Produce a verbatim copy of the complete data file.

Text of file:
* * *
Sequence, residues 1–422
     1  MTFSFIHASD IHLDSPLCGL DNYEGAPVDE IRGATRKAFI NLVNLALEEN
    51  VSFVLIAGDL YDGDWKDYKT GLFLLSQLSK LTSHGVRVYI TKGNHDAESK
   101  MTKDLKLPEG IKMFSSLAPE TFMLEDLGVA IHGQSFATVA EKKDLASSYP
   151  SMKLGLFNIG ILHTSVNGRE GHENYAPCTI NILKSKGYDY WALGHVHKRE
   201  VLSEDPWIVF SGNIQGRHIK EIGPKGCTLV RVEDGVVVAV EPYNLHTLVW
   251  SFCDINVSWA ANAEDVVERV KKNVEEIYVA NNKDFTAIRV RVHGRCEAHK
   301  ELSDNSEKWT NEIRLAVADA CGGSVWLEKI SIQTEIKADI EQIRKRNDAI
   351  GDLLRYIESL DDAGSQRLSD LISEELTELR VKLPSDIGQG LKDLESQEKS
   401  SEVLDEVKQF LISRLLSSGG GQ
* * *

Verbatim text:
Sequence, residues 1–422
     1  MTFSFIHASD IHLDSPLCGL DNYEGAPVDE IRGATRKAFI NLVNLALEEN
    51  VSFVLIAGDL YDGDWKDYKT GLFLLSQLSK LTSHGVRVYI TKGNHDAESK
   101  MTKDLKLPEG IKMFSSLAPE TFMLEDLGVA IHGQSFATVA EKKDLASSYP
   151  SMKLGLFNIG ILHTSVNGRE GHENYAPCTI NILKSKGYDY WALGHVHKRE
   201  VLSEDPWIVF SGNIQGRHIK EIGPKGCTLV RVEDGVVVAV EPYNLHTLVW
   251  SFCDINVSWA ANAEDVVERV KKNVEEIYVA NNKDFTAIRV RVHGRCEAHK
   301  ELSDNSEKWT NEIRLAVADA CGGSVWLEKI SIQTEIKADI EQIRKRNDAI
   351  GDLLRYIESL DDAGSQRLSD LISEELTELR VKLPSDIGQG LKDLESQEKS
   401  SEVLDEVKQF LISRLLSSGG GQ